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Simulation demonstrates challenges facing Jefferson City's poor

by Joe Gamm | September 22, 2021 at 5:10 a.m. | Updated September 22, 2021 at 10:38 a.m.
Playing the part of Glen Guten, a parent dropping off and picking up his child from daycare, Amy VanOverschelde takes part in the Rethink Poverty event Tuesday, Sept. 21, 2021, at First Baptist Church Activities Center in Jefferson City.

There are challenges someone living in poverty can anticipate and many they can't.

They can try every month to save enough money to pay the rent, but an illness or vehicle breakdown can be devastating to their plans.

Just getting by - month-to-month - is stressful.

Capital City Court Appointed Special Advocates (CASA) on Tuesday presented "Rethink Poverty," a simulation intended to demonstrate realities of poverty in Jefferson City. The simulation is an interactive immersion experience that sensitizes community participants to realities of poverty, according to the Community Action Poverty Simulation website.

Fifty-six people signed up for Tuesday's simulation, held at the First Baptist Church Activities Building, 107 Monroe St., said Gina Clement, CASA executive director.

Each played a role in a family, as participants simulated a month of living on a low income.

Central Missouri Community Action (CMCA) uses federal Community Service Block Grants and community support to help clients with employment, education, housing, nutrition, emergency services and health, and to better use available income. It serves eight counties in Central Missouri - Audrain, Boone, Callaway, Cole, Cooper, Howard, Moniteau and Osage. It also provides Head Start services in Benton, Hickory and Morgan counties.

CMCA brought in volunteers to help with Tuesday's exercise.

During the exercise, participants are expected to meet basic needs, like food, shelter, clothing and education, by using available resources. They must find ways to pay mortgages or rent, provide their families with clothing and medicine, and meet transportation needs.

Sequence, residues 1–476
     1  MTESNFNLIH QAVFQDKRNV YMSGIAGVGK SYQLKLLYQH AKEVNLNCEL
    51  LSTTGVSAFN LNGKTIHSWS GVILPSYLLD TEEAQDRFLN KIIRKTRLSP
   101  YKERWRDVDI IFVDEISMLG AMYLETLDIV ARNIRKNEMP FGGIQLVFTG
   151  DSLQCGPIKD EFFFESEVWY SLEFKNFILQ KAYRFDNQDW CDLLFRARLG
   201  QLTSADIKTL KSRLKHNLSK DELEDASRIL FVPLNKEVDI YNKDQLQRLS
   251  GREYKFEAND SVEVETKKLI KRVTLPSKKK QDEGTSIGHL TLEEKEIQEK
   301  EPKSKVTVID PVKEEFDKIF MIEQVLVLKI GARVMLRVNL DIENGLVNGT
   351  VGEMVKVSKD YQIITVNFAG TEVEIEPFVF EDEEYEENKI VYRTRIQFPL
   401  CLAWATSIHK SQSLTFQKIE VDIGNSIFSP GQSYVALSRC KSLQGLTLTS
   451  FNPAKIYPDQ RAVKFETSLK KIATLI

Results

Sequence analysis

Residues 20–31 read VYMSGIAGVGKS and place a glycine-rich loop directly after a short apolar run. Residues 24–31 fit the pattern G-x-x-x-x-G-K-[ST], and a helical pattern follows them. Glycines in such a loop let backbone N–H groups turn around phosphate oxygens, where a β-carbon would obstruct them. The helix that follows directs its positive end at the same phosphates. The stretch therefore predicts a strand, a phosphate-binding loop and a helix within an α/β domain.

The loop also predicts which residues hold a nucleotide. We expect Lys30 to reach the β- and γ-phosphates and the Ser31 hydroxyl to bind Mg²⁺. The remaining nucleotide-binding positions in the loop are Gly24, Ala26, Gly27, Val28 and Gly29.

When the simulation ends, participants turn in evaluations of the event. The evaluations provide some insight into how challenging it can be for someone to learn what resources were available to them and how to assess them.

Stefani Thompson, CMCA community organizer in Cole County, said the exercise helps break down the myths people have about poverty.

Tuesday's participants came from Community Health Center of Central Missouri, Missouri Department of Social Services, CASA, Transformational Housing and other volunteers who work for faith-based organizations, Thompson said.

"Some faith-based community members from Transformational Housing who are training to be volunteers, who will be matched up with tenants in their housing that they open," she said. "They just want to get all the education that they can about what it's like to live in poverty."

CMCA hopes to do another simulation at some point, and to invite city, county and state officials, legislators and others to become involved, she continued. That may occur sometime after new information kits for the simulation are released in October.

Groups or employers who would like more information about hosting an exercise should contact Thompson by email at [email protected] or call 573-635-4480.

Verlee Hitzhusen, a volunteer for Transformational Housing, said she felt she had an understanding of poverty before the simulation. She had worked as an educator at a low-income school her entire life. She worked with Habitat for Humanity.

"So, I felt like I had some understanding, but this event really made it concrete for me," Hitzhusen said. "The frustrations of trying to have your needs met - all the different offices you need to go to."

Hitzhusen said she had the role of a young woman with a small child. She had a male partner who worked. While he was working, she went from resource to resource trying to pay bills.

"I couldn't get a job. But, I didn't even have time to apply for a job," she explained.

Transportation was a big challenge.

"The time it took to move from agency to agency," she said. "The waiting that you had to do. It's like the whole day is taken up just trying to go to different locations.

"It was interesting to see how you relied on other participants for ideas - tried to help each other out."

Participants learned from each other that the adults just didn't have time to communicate, she continued.

"You're just working so hard," she said. "You didn't have time to do family stuff."

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